In 2022, Lund University will explore the concept of existential sustainability and develop research issues related to it. Anyone with thoughts and ideas is invited to attend a series of lectures, workshops and a major conference in November.
Together with Erik Sidenvall and Kristina Myrvold, Lovisa Nyman, postdoc in systematic theology at Lund University, leads a working group of researchers who have received funding from the LMK Foundation to create interdisciplinary contacts that can lead to major research grant applications in the spring of 2023. Their intention is to remain open to the different perspectives of the participating researchers, however, the project is now structured around three broad themes: technology, health and death.
What is existential sustainability?
Most people have not heard about existential sustainability, and it is not an established term in academia. Researchers in the fields of Arts and Cultural studies as well as Theology and Religious studies have delved into the theme for a while; it was recently used in a speech by Archbishop Antje Jackelen , and in a book from 2019, cultural anthropologist Mikael Kurkiala discusses the need for existential language that provides people with a sense of belonging in the world of today:
“Our material wellbeing does not go hand in hand with existential sustainability. Human beings are surrounded by an abundance of objects and a clamouring array of entertainment and distractions. All while conversations are falling silent, our social fabric is fraying, and ecosystems are at risk of collapse.”
Existential sustainability relates to the 2030 Agenda and the global sustainable development goals although the question is whether it is a fourth dimension or if it is an overarching aspect of the other three dimensions that focus on social, economic and environmental sustainability.
Our material wellbeing does not go hand in hand with existential sustainability.
“In my studies I am particularly interested in how Christian thinking today can combine an idea of human beings as both capable of action and dependent on other people and nature”, explains Lovisa Nyman. Meaning has an important role in the ecological, social, and spiritual crisis that our society finds itself in – an absence of meaning is not existentially sustainable.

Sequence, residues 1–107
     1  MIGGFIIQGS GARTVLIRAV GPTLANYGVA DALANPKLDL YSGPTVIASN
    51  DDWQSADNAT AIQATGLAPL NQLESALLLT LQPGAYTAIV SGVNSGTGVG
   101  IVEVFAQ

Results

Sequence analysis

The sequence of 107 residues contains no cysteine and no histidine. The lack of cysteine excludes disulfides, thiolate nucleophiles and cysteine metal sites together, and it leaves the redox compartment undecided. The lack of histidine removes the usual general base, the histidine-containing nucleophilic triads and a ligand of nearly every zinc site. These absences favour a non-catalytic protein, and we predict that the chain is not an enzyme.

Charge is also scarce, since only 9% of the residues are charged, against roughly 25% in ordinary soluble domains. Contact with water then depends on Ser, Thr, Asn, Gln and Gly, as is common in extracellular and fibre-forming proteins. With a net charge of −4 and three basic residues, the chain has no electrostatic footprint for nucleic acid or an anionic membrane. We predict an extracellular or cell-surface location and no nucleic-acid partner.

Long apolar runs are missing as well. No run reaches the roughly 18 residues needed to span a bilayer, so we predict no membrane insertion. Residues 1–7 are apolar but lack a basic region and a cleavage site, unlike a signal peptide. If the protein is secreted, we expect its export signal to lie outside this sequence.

Open and multidisciplinary network
The process to create a broad multidisciplinary network at Lund University and with external stakeholders is well underway and has a very open objective. At the beginning of the year, a workshop brought together scholars in Art HistorY, Religious studies, , Philosophy, Religious History and discussions flowed around many different questions:
How do you define existence? Could it be that the term sustainability has been exhausted, hollowed out and is both too broad and too meaningless? What is our relationship to time, to so called ‘deep time’, to future generations and to other species?
Before the end of the year, many thoughts and ideas will be presented, and many new contacts will be made. Either a common framework will develop, or several specialisations may emerge under a joint umbrella. In the meantime, the theme for the conference in November 2022 has been decided on: ‘At the Margins of Life: Exploring Existential Sustainability – Technology, Health and Death’.
“It is a significant challenge to remain very open and to find new constellations for us researchers who are trained to narrow down and be very specific in how we define research issues. The Collaboration Office at Lund University has contributed with many contacts and new actors to the project, which is exciting”, says Lovisa Nyman.
Themes focusing on technology, health and death
At the conference, the three parts focusing on technology, health and death will be presented by international speakers specialising in the three fields. . They have predominantly chosen to talk about marginalisation, about life on the margins, where life is particularly fragile and vulnerable.
“We can learn a lot from ethical, philosophical, sociological and theological knowledge perspectives, for example, how new technology can be developed so that it becomes existentially sustainable”, says Lovisa Nyman, and continues: “Or how religious communities and practices can contribute to an understanding of equal and existentially sustainable healthcare and of end-of-life care and wellbeing".
Marginality typically concerns issues relating to the individual; however, it can also refer to a whole ethnic group or every person on the planet and how we should care for it in a sustainable way when the margins shrink, and climate anxiety takes hold. In addition to this, we now have fresh experiences of a global pandemic and of an inexcusable war of aggression on a democratic European state resulting in widespread humanitarian suffering.
What gives you meaning and hope? Some find answers in religion or other spiritual experiences, others through art and culture and, for some, it is nature that is the source of belonging and renewed energy.
If you´re interested in culture, innovation and science - read more about the event:
The Buzz of Europe - a Day in the Spirit of Art, Culture, Science and Innovation